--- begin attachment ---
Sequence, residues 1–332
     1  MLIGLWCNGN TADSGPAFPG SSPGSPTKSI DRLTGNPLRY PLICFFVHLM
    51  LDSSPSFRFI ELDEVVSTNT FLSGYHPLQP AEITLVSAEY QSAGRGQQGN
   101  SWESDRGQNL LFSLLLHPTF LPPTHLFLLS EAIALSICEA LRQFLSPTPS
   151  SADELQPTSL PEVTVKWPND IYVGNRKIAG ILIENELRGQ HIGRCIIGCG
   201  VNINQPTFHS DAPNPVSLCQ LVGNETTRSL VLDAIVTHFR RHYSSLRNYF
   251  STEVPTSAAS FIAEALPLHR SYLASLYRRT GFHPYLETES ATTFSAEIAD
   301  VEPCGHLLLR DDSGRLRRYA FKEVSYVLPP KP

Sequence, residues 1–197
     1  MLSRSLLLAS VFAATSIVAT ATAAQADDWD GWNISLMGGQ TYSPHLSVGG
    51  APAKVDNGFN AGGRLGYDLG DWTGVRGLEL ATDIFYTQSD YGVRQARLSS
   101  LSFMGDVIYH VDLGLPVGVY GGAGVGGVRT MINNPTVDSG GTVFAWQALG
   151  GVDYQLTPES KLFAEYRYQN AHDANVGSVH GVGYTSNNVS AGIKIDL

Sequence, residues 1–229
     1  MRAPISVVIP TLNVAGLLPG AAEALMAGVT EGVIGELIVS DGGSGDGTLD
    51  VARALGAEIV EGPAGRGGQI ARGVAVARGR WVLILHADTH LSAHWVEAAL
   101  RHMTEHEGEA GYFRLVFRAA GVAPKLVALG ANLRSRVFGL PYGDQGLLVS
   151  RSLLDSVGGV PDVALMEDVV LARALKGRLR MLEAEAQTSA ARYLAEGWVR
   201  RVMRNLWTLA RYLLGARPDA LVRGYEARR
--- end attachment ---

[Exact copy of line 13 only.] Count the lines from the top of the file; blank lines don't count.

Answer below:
   151  GVDYQLTPES KLFAEYRYQN AHDANVGSVH GVGYTSNNVS AGIKIDL